Frequently Asked Questions
Frequently asked questions
The questions asked at Mentor courses and updates have been collated into sections with answers. To access more in-depth information or examples click on links underlined in the answers. Please note, that if you have a query or you require further support with a student you are mentoring, you have access to Link Tutors, Personal Tutors and Practice Educators contact details at these links.
Attendance at placement, duty hours and professional behaviour
What should happen if a student is sick or absent?
The student should report any sickness while on placement to the university and also inform the practice placement. The mentor should inform the school by telephone, recording the dates in the student’s assessment record, If a student fails to appear contact the university as students should notify the mentor or practice area of the situation.
When do students make up their sick or absence time?
This is negotiated with the Course Director and completed in their final placement.
Can a student fail their placement due to high levels of absence or sick leave?
Yes, if this means they are unable to demonstrate competence in their learning outcomes.
Are childcare problems a valid excuse for persistent lateness?
If the problem is short term, there may be room for negotiation. In the long term it is both unprofessional and may be an obstacle to fulfilling learning outcomes. Long term problems should be discussed with the Link Lecturer. If students are experiencing any personal difficulties, it may be advisable that they seek support from their personal tutors or Bangor University Student Counselling Service to try and resolve their problems.
What do I do if a student does not co-operate with me?
Initially make the student aware of your observation, and of your right to have their co-operation, attempt to resolve the matter between you. If this action does not rectify the situation and you are relatively new to the role of the mentor, confer with and seek guidance fro a more experienced mentor in the immediate clinical area e.g. the Ward Manager. If that does not lead to resolution, or even if it does and you still wish to share what has happened for some reason, then contact the Link Lecturer and share your views and seek guidance. If the Link Lecturer is not available then contact the student’s Personal Tutor, and if they are not available their Course Leader, and failing that any member of the School staff and ask them to put you in contact with the most senior member of academic staff available. If there is a student support person/team in your organisation, they can also assist you with this.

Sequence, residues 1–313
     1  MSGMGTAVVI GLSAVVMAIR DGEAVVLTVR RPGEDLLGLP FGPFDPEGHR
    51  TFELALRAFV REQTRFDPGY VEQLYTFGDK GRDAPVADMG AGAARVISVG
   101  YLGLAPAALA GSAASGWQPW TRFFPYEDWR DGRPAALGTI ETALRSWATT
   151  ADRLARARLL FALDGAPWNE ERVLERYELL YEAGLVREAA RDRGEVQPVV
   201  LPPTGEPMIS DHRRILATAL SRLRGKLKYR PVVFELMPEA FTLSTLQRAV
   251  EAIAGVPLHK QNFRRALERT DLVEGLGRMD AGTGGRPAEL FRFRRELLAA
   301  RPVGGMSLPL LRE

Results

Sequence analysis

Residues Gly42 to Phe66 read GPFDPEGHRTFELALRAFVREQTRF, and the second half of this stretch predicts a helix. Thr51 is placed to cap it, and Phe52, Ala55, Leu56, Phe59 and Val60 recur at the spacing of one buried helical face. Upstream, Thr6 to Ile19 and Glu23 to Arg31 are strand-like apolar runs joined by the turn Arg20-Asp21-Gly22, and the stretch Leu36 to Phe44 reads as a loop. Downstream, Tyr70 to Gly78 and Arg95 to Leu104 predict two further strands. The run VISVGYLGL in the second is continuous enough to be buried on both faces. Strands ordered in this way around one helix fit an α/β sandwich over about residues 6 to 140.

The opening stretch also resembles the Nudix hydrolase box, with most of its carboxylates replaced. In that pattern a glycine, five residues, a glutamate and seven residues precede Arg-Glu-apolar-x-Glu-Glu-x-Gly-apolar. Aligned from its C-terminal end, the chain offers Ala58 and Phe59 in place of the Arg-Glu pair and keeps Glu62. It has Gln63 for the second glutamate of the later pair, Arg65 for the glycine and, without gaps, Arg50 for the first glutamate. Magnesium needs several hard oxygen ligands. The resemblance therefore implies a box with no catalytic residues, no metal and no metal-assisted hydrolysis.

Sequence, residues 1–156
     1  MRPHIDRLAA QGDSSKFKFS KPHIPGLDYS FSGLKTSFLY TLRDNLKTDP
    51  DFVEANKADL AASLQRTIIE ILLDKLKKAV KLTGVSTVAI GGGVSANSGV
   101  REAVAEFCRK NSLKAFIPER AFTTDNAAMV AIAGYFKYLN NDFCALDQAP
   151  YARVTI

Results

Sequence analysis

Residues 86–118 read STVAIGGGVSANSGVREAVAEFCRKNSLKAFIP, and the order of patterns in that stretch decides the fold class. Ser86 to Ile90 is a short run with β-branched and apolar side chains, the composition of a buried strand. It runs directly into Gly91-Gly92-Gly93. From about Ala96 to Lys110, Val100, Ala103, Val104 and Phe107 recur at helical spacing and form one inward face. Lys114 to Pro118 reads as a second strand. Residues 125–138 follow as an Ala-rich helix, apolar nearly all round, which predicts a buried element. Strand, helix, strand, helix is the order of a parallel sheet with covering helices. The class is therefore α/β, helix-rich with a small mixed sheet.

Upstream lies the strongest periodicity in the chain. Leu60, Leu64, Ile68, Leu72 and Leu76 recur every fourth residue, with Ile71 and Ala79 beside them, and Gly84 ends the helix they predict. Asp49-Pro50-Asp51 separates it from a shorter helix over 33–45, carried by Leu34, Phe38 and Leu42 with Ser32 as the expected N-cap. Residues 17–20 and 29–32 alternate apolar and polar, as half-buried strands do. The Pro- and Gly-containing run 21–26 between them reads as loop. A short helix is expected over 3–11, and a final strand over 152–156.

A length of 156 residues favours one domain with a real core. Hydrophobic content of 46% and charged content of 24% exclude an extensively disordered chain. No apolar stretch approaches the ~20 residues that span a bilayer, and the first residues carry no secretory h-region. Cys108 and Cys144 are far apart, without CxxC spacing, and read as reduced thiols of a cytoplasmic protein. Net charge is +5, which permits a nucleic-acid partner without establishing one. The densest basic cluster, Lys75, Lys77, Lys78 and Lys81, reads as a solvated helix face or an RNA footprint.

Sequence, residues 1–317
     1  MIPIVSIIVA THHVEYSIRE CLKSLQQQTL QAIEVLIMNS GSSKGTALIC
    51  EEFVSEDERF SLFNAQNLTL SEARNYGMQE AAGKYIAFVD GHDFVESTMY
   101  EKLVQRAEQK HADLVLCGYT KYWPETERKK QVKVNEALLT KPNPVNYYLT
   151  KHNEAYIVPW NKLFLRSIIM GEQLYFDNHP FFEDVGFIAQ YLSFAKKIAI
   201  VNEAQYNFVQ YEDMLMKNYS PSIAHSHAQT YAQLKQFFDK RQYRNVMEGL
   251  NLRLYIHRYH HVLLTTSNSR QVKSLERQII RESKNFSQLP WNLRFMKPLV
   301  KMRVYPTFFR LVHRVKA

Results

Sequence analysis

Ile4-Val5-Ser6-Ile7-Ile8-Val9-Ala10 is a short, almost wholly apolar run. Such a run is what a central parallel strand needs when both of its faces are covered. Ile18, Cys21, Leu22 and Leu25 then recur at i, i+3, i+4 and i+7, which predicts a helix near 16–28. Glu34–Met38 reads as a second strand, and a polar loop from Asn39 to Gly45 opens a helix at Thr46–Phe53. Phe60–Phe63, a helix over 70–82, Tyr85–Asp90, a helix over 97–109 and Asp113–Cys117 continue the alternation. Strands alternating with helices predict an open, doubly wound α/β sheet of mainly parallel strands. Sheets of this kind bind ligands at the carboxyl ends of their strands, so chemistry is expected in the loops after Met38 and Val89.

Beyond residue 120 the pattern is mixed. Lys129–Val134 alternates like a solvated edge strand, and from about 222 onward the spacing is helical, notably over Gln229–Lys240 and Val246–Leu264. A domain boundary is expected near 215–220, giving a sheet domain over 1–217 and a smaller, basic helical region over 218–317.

Must students do as they are told by clinical staff?
Yes, unless they have good reason not to. Situations occasionally occur in which the student’s knowledge or judgement warrants them questioning an instruction. When this happens they must make their case known in an appropriate manner, and it is important your response reflects that. These can be emotionally charged situations and it is easy for a conflict to arise and escalate or for one party to feel discomfort and even hurt by the associated anxiety.
Can students ‘work’ double shifts or other unusual shift patterns?
No. Unless a specific case has been made to the school and approval gained. There is a wide variation of shift patterns worked by the various clinical staff who may become mentors. Generally a student can ‘work’ the same pattern at their mentor, this includes ’12 hour’ shifts. Health and Safety issues are a major consideration in determining what is appropriate.
What happens to student evaluation forms?
The evaluation forms are collated and scores are reported to the Clinical Assessment areas every August.
How to become and sustain mentoring
To become a mentor you must have been qualified for at least 12 months full time or longer if part time and have responsibility for mentoring pre-registration students of Bangor or Glyndwr University . The mentor programme can be taken in non-accredited format and a credited format. To become a mentor you need to prepared through completion of the Mentor programme, approved Mentor module, or the Mentorship, Learning and Assessment in Practice Module with your local Higher Education Institution. It is important to discuss this with your manager as you have to be in an area that provides placements for students.
The programme is 10 days, 5 days protected learning, of which 4 days are face to face with one day directed reading. The remaining 5 days of work based learning in practice supervised by an experienced mentor in practice who will assess your competence in supporting and assessing a student in practice against the NMC outcomes for mentors (2008).
After successfully completing the mentor competencies and returned them to the Higher Education Institution for verification, they will be returned to you with a certificate to place in your Mentor portfolio. The certificate must be shown to your manager who will then enter you on the local register.
After completing mentor preparation it is your responsibility to attend an annual mandatory mentor update which can be in a variety of ways:-
- Mentor Update face to face sessions by the HEI.
- e Mentor update
- Mentor updates as part of the Band 5 development programme
- Sessions targeted at staff on Audit days such as Theatres